Geminid meteors set to light up winter sky

December 13, 2012
Geminid meteors set to light up winter sky
An all-sky image of the 2004 Geminids meteor shower. Credit: Chris L. Peterson, Cloudbait Observatory

(Phys.org)—On the evening of 13 and the morning of 14 December, skywatchers across the world will be looking up as the Geminid meteor shower reaches its peak, in potentially one of the best night sky events of the year.

At its peak and in a clear, dark sky tens of '' or meteors may be visible each hour. Meteors are the result of small particles entering the Earth's atmosphere at high speed, burning up and super-heating the air around them, which then shines as a characteristic short-lived streak of light. In this case the debris is associated with the asteroidal object 3200 Phaethon, which many astronomers believe to be an extinct comet.

The meteors appear to originate from a 'radiant' in the of Gemini, hence the name Geminid. By 0200 GMT on 14 December the radiant will be almost overhead from the UK, making it ideally placed for observers. As a bonus, the Moon will not be present in the sky on the morning of maximum activity so the prospects for a good view of the shower are excellent. And unlike many , meteors are best seen without a telescope (and are also perfectly safe to watch).

Meteors in the Geminid shower are less well known than those at other times of year, probably because the weather in December is less reliable. But those who brave the cold can be rewarded with a fine view. In comparison with other showers, Geminid meteors travel fairly slowly, at around 35 km (22 miles) per second, are bright and have a yellowish hue, making them distinct and easy to spot.

According to the International Meteor Organisation, which coordinates meteor observations, the Geminids meteor shower will peak at around 2330 GMT on 13 December, but the highest level activity is spread over a period lasting a day or more. This means that if conditions are clear even casual observers may want to take a look until Saturday morning.

Explore further: Geminid meteor shower to peak on 14th December 2009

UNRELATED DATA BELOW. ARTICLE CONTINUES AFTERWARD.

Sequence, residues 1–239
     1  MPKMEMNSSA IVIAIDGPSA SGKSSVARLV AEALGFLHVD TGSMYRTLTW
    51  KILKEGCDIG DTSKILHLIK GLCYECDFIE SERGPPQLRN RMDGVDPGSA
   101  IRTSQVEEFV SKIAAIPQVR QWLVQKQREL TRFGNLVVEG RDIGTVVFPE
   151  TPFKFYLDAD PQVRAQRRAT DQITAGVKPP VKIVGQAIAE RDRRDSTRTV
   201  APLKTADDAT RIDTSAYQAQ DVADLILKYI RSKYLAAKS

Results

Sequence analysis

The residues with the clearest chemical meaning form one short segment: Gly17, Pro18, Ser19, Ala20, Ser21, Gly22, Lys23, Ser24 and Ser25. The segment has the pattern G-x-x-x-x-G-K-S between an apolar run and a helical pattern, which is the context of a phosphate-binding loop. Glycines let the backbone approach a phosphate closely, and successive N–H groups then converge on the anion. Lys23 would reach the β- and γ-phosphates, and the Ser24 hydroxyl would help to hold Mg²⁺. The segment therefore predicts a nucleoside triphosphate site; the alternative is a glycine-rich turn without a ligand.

More information: www.imo.net/calendar/2012#gem

Related Stories

Geminid meteor shower to peak on 14th December 2009

December 3, 2009

(PhysOrg.com) -- The annual Geminid meteor shower is predicted to peak at 0510 GMT on 14th December. Meteors (or ‘shooting stars’) are the result of small particles entering the Earth’s atmosphere at high speed, heating ...

Geminid meteor shower 2011

December 7, 2011

Its the finale of this year’s meteor showers: The Geminids will start appearing on Dec. 7 and should reach peak activity around the 13th and 14th. This shower could put on a display of up to 100+ meteors (shooting stars) ...

Nature's coming attraction: Geminid meteor shower

December 10, 2010

(AP) -- Stay tuned for nature's coming attraction. Early next week, the Geminid meteor shower will make its annual appearance, just in time for Christmas. Astronomers consider it the best meteor shower of the year, with ...

STAR TRAK for December

December 1, 2011

Venus will be at its dazzling brightest as December begins, appearing in the southwestern sky after sunset. This beautiful "evening star" will set two hours after the sun on Dec. 1 and an hour later at month's end.

Recommended for you

NASA telescope studies quirky comet 45P

November 22, 2017

When comet 45P zipped past Earth early in 2017, researchers observing from NASA's Infrared Telescope Facility, or IRTF, in Hawai'i gave the long-time trekker a thorough astronomical checkup. The results help fill in crucial ...

Uncovering the origins of galaxies' halos

November 21, 2017

Using the Subaru Telescope atop Maunakea, researchers have identified 11 dwarf galaxies and two star-containing halos in the outer region of a large spiral galaxy 25 million light-years away from Earth. The findings, published ...

Cassini image mosaic: A farewell to Saturn

November 21, 2017

In a fitting farewell to the planet that had been its home for over 13 years, the Cassini spacecraft took one last, lingering look at Saturn and its splendid rings during the final leg of its journey and snapped a series ...

0 comments

Please sign in to add a comment. Registration is free, and takes less than a minute. Read more

Click here to reset your password.
Sign in to get notified via email when new comments are made.